DeSantis to Appeal Temporary Injunction Against ‘Stop WOKE’ Act

November 18, 2022 Updated 11:05 AM ET

Parents speak in support of Gov. Ron DeSantis' 'Stop W.O.K.E. Act,' April 22, 2022.
Parents speak in support of Gov. Ron DeSantis' 'Stop W.O.K.E. Act,' April 22, 2022.

TALLAHASSEE (FLV) –  Gov. Ron DeSantis plans to file an appeal after U.S. District Judge Mark Walker issued a temporary injunction against the “Stop WOKE” Act in a ruling that called the legislation “positively dystopian.”

The Stop WOKE Act bans educators and workplace employers from teaching Floridians that their “moral character” is determined by race, sex, or national origin. The bill also aims to prohibit corporations from mandating employees go through Critical Race Theory training.

Judge Walker said, “Our professors are critical to a healthy democracy, and the State of Florida’s decision to choose which viewpoints are worthy of illumination and which must remain in the shadows has implications for us all. If our ‘priests of democracy’ are not allowed to shed light on challenging ideas, then democracy will die in darkness.”

DeSantis’ team released the following statement in response:

This recent ruling included several victories for our legal team. We expect many more and ultimately to prevail in this litigation. We strongly disagree with Judge Walker’s preliminary injunction orders on the enforcement of the Stop W.O.K.E. Act and will continue to fight to prevent Florida’s students and employees from being subjected to discriminatory classroom instruction or mandated discriminatory workplace training. The Stop W.O.K.E. Act protects the open exchange of ideas by prohibiting teachers or employers who hold agency over others from forcing discriminatory concepts on students as part of classroom instruction or on employees as a condition of maintaining employment. An ‘open-minded and critical’ environment necessitates that one is free from discrimination.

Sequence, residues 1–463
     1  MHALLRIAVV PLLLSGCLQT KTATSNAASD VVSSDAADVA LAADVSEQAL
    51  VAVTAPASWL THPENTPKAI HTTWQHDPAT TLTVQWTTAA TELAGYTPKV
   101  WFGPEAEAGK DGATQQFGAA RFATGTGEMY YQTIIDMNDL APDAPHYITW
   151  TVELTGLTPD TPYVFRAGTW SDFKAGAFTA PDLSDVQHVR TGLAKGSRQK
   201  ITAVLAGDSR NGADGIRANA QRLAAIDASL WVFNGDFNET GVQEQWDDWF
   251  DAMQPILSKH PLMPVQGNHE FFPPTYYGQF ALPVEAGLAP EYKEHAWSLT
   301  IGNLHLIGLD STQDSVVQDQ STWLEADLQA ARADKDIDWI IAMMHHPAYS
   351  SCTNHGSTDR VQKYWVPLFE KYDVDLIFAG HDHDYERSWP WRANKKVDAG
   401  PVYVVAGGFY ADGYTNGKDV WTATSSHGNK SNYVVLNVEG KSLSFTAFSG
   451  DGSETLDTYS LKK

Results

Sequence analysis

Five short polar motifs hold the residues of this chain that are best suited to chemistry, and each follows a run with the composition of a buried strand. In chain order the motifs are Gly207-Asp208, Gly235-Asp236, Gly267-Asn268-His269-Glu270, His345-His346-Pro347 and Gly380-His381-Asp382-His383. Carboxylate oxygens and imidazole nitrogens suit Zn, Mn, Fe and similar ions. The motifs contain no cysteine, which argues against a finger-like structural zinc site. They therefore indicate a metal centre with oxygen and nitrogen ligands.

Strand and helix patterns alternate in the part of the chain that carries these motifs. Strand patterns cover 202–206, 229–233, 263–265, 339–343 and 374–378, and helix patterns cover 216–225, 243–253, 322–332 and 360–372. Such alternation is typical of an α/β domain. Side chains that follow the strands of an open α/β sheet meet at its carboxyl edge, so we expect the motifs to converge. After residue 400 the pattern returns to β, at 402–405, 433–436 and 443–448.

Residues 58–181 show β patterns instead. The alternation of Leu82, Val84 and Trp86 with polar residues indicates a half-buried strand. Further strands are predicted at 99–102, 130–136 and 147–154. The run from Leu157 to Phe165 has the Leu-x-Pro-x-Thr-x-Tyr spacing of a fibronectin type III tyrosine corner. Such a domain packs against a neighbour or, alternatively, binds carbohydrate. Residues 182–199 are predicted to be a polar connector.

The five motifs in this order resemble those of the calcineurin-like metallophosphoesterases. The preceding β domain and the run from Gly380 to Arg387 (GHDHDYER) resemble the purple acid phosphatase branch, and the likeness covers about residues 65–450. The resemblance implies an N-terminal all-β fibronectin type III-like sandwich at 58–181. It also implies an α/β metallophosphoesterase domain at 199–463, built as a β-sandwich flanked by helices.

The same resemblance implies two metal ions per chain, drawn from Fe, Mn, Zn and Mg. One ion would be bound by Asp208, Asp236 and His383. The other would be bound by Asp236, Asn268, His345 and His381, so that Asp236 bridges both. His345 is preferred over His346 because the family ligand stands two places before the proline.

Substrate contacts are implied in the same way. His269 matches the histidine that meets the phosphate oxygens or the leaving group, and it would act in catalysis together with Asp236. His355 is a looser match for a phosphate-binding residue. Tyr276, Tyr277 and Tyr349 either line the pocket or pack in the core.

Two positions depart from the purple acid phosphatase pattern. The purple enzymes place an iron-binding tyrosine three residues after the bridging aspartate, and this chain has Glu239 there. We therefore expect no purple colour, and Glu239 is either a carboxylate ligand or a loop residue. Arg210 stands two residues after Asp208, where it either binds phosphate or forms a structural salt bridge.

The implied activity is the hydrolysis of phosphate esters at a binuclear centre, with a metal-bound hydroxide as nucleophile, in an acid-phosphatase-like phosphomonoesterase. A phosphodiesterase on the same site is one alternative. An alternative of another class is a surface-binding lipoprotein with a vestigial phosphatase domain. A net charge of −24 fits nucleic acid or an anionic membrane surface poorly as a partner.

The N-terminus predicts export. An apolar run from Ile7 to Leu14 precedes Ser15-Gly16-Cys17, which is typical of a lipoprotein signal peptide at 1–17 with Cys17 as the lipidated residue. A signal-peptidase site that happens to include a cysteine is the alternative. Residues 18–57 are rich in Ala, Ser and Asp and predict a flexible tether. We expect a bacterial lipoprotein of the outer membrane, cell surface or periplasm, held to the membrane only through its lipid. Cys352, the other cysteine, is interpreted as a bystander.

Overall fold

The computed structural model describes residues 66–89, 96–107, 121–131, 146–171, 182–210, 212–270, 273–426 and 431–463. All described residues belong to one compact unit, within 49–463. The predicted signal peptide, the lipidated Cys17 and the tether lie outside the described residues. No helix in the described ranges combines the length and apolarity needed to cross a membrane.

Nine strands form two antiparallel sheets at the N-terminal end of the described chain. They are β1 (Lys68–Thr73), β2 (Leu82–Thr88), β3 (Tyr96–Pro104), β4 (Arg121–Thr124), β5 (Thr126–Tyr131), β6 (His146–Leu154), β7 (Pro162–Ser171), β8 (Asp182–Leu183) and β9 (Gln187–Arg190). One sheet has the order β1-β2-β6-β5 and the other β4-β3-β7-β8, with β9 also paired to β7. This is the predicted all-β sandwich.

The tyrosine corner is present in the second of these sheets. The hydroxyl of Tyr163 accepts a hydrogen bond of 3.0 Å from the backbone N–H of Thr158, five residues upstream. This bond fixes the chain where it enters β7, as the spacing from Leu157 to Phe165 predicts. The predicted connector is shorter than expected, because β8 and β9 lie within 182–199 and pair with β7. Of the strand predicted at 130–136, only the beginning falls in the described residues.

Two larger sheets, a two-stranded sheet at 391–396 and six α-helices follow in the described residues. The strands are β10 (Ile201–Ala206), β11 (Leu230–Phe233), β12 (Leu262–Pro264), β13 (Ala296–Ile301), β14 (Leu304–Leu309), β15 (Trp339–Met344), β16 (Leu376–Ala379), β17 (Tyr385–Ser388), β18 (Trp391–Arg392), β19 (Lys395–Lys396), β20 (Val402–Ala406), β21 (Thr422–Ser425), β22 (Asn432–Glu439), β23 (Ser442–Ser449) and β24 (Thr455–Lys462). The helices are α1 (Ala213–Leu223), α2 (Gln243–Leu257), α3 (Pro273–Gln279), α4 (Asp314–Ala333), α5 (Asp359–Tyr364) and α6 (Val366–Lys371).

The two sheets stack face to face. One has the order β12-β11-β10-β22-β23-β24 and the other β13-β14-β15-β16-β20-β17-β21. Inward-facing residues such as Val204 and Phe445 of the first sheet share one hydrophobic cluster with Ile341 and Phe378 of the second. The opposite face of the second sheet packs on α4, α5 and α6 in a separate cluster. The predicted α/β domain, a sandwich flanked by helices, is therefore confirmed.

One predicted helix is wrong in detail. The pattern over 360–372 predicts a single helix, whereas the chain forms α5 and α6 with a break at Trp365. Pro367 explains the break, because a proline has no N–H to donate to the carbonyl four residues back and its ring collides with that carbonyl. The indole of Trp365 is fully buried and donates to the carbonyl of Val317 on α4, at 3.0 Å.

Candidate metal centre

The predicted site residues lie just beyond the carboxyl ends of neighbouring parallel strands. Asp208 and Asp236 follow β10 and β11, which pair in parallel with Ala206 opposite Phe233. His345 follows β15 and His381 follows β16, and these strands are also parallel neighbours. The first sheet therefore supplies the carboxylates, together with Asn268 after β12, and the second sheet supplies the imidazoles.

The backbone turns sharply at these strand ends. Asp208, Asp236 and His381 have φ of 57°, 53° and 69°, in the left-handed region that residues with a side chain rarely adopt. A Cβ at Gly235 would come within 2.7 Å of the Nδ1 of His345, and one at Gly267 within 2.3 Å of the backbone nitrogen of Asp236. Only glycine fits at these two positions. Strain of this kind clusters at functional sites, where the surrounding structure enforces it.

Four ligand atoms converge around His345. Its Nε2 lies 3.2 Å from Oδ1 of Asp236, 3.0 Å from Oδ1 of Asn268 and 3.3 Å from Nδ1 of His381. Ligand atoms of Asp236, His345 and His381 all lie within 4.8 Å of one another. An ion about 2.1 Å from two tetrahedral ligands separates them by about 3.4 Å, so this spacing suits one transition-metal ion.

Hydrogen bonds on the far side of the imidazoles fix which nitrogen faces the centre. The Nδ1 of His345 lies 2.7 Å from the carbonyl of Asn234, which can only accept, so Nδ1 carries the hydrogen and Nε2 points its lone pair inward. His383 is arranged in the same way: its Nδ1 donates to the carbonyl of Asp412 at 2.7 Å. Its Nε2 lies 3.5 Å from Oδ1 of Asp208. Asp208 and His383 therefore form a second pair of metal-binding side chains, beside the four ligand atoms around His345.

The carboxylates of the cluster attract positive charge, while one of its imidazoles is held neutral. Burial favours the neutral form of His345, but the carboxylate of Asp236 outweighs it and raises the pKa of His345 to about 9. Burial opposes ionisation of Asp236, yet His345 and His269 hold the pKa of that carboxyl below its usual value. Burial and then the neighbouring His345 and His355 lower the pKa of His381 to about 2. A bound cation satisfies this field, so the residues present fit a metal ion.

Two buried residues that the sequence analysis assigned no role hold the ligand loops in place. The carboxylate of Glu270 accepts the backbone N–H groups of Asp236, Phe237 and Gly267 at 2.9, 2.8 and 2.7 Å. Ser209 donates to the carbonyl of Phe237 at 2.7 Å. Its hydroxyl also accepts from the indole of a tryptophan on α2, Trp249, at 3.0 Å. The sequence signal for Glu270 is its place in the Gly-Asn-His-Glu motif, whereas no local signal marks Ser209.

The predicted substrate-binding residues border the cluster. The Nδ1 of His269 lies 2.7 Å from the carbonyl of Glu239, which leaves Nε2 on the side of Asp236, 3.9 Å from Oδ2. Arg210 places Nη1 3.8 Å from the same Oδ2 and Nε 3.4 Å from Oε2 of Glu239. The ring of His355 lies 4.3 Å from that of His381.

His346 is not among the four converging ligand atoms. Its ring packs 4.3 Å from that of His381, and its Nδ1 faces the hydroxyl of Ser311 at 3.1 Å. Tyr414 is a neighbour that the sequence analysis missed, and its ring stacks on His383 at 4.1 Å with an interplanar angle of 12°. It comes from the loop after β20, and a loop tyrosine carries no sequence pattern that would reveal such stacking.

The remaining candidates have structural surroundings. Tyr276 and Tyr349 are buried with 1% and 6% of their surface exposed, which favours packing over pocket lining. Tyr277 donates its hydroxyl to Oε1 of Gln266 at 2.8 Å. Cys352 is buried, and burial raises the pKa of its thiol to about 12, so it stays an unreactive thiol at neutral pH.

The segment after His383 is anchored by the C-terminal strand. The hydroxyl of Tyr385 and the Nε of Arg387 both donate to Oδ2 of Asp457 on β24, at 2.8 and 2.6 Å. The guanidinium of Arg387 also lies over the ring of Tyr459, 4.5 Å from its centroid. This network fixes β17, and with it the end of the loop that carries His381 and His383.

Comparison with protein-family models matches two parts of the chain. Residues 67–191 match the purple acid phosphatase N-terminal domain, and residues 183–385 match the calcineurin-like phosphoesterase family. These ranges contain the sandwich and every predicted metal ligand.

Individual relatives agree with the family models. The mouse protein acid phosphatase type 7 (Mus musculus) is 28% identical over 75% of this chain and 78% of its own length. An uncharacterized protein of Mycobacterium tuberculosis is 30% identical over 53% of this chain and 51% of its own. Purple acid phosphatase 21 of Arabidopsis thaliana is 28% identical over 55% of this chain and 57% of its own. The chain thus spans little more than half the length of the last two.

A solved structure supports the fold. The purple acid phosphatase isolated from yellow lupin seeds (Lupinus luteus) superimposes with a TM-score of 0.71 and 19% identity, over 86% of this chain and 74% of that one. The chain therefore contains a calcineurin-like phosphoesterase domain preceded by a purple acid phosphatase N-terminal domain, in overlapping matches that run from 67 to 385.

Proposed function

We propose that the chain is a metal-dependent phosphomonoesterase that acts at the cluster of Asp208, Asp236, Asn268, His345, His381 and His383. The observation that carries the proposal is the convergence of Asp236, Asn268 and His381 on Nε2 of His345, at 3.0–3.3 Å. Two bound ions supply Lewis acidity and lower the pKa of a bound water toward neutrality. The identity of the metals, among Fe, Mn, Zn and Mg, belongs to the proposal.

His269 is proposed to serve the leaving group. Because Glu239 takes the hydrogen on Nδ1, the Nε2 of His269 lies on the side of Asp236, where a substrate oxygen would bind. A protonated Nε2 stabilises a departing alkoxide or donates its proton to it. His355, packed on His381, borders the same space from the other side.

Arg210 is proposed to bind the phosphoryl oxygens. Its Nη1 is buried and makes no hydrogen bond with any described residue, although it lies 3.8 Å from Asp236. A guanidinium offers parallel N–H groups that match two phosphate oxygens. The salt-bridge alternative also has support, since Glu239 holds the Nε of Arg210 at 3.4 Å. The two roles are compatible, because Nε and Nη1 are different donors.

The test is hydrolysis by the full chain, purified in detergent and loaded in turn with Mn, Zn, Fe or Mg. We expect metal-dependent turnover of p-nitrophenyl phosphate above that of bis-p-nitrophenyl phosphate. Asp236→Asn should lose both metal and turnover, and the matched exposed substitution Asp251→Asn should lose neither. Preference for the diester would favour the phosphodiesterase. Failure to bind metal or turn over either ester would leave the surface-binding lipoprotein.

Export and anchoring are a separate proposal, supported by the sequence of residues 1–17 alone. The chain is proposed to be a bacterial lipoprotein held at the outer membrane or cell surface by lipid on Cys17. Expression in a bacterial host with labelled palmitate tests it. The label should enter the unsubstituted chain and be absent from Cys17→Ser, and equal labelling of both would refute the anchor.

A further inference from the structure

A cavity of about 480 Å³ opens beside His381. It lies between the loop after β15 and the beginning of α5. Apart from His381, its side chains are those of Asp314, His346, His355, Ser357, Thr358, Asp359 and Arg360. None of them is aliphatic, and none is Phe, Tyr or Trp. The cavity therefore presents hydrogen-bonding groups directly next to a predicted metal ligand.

We intend to appeal.

Bryan Griffin, Press Secretary for Gov. Ron DeSantis

The law prohibits businesses and public school classrooms from telling someone that they are inherently racist because of the color of their skin and that they should feel guilty for actions in the past committed by others who share the same immutable characteristics.

“We are not going to categorize you based on your race. We are not going to tell some kindergartener that they are an oppressor based on their race and what may have happened 100 or 200 years ago,” DeSantis said when he signed the legislation in April.

“We’re not going to tell other kids that they are oppressed based on their race.”

Judge Walker previously issued a similar ruling on the act in relation to businesses.

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